Latest entry to ‘Call of Duty’ takes place in World War II while ‘Riders Republic’ brings a ‘Forza Horizon’ vibe to extreme sports

It’s a weird year when a “Call of Duty“ game feels like an afterthought. Activision’s flagship franchise will still be a blockbuster regardless, but the series doesn’t have the hype it once did.

Perhaps that’s due to the setting of the latest entry “Call of Duty: Vanguard.” It’s set during World War II as players take on the role of a special forces unit investigating a secret Nazi program called Project Phoenix. The Germans capture the squad early on and they interview them to uncover their secrets.

Those interrogations are essentially flashbacks that take players to different theaters of the war as players discover the history of the diverse unit. Right up until the final mission, it’s one of the better campaigns of the franchise. Each team member has a special ability or talent, and the campaigns are built around these abilities.

The leader, Arthur Kingsley, can command his squad to attack machine gun nests or strong enemies in order to distract or flank them. The pilot Wade Jackson has heightened senses that lets him spot enemies hiding behind a cover or during an ambush. The Russian Polina Petrova is the sniper of the squad and has the agility to quickly sneak through vents and clamber up walls.

Although it’s far from historically accurate, the “Vanguard” campaign is compelling enough to hold players’ attention before moving on to the multiplayer. The final mission is disappointing because it doesn’t feel like the payoff that the rest of the game was building to. Instead, the finale acts as an introduction to the more popular competitive modes and zombie co-op campaign.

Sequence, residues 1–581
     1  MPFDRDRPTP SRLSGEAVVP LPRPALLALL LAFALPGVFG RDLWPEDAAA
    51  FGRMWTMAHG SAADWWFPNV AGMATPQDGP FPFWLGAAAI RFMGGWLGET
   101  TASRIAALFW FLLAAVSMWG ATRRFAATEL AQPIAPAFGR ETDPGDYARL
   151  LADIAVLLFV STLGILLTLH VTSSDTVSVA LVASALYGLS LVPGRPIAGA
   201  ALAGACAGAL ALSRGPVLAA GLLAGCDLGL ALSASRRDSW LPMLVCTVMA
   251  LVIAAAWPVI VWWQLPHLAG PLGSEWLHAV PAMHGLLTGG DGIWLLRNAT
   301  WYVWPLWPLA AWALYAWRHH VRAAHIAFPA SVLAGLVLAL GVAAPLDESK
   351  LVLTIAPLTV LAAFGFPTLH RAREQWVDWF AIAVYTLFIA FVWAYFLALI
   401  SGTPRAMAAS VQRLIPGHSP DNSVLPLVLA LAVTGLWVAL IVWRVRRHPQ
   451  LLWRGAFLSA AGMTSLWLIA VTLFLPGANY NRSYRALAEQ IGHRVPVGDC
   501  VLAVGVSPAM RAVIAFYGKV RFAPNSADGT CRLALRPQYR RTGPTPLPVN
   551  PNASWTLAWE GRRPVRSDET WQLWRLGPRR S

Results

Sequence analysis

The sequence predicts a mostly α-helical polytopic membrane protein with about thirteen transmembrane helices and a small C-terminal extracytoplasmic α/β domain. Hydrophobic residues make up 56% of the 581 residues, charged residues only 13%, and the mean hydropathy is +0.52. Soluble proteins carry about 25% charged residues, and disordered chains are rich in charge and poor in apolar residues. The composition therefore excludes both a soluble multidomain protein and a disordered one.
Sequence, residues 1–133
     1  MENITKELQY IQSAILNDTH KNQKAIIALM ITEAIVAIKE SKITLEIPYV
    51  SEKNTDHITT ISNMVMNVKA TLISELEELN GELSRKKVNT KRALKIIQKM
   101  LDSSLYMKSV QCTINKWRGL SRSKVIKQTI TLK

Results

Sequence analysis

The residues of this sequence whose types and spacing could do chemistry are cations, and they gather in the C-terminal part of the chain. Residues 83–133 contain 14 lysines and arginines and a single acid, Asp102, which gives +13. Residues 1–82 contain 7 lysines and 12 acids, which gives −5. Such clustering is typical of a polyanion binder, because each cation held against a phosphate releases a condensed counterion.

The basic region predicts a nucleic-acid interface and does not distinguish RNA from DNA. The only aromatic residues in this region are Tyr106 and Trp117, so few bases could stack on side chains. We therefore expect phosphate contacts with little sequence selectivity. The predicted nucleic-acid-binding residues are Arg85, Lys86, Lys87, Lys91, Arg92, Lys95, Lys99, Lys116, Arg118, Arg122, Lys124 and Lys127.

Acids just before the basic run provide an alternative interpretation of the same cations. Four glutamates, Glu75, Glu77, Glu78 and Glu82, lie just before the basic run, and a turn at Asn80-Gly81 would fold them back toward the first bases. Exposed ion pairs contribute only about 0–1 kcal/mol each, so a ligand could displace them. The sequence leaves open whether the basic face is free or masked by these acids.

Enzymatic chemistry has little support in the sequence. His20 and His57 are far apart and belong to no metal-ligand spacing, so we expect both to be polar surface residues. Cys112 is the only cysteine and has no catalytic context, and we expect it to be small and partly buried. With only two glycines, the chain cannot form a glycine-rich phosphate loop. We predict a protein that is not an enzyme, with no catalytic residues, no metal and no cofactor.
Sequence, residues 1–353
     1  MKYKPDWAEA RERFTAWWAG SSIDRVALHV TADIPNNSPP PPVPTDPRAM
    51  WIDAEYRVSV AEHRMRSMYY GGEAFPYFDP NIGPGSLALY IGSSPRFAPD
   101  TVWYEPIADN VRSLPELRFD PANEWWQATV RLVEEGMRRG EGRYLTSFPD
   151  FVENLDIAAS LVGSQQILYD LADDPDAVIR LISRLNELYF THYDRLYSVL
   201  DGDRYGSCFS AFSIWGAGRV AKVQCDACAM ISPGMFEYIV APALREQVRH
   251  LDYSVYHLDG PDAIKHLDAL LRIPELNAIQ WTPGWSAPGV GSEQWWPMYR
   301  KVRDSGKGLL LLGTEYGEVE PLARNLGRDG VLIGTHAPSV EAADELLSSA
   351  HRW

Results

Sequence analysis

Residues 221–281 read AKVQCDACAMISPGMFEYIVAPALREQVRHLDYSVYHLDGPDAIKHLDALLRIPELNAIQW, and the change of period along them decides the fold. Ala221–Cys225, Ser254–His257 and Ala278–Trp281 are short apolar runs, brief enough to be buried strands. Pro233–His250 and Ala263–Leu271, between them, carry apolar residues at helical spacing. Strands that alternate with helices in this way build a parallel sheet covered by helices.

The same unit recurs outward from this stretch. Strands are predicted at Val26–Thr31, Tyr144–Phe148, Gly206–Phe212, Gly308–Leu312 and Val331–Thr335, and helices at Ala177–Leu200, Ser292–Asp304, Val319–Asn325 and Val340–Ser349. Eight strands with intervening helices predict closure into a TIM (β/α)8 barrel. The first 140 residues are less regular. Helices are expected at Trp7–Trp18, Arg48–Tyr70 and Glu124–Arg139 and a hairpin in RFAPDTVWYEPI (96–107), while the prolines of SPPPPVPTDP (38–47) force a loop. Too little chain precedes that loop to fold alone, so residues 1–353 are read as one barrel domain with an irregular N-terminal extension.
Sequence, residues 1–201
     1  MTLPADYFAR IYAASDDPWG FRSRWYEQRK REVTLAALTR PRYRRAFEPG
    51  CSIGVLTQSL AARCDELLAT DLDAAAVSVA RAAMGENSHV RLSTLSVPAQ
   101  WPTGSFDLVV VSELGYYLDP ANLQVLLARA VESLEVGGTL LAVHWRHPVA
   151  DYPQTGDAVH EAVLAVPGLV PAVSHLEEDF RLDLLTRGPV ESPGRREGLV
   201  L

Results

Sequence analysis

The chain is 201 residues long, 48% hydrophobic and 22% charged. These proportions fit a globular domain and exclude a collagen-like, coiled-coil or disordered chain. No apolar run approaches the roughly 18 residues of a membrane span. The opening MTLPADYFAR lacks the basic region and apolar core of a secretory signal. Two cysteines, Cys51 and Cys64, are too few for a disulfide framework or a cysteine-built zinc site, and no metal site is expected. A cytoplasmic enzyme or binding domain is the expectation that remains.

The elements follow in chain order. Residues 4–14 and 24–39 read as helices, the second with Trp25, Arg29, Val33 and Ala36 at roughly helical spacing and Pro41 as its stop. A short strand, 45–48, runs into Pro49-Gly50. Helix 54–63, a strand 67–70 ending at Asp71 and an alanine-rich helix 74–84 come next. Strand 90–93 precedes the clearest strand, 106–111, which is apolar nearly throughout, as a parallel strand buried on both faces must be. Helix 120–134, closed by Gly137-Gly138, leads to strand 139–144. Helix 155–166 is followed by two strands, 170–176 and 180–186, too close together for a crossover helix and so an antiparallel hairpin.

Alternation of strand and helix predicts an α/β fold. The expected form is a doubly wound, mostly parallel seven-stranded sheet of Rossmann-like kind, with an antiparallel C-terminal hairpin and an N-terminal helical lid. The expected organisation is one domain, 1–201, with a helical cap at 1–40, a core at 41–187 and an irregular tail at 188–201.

That’s where the meat of “Vanguard” lies and where the developers focus most of their energy. The teams further polish the multiplayer to make it more in line with games such as “Overwatch.” Compared to other entries, it’s easier to jump into the multiplayer and have fun by setting up filters to cater to specific tastes among the seven available modes.

Players can even pick the combat pacing, which is a catch-all term for the number of competitors in a match. The smaller the number the more tactical and intense the combat. The higher numbers produce chaotic gunfights with more opportunities for kills. Along with that, customization is easier as players choose among perks, kill streak rewards and gunsmith weapon options. Players can also unlock operators, which are mostly cosmetic but give “Vanguard” more personality.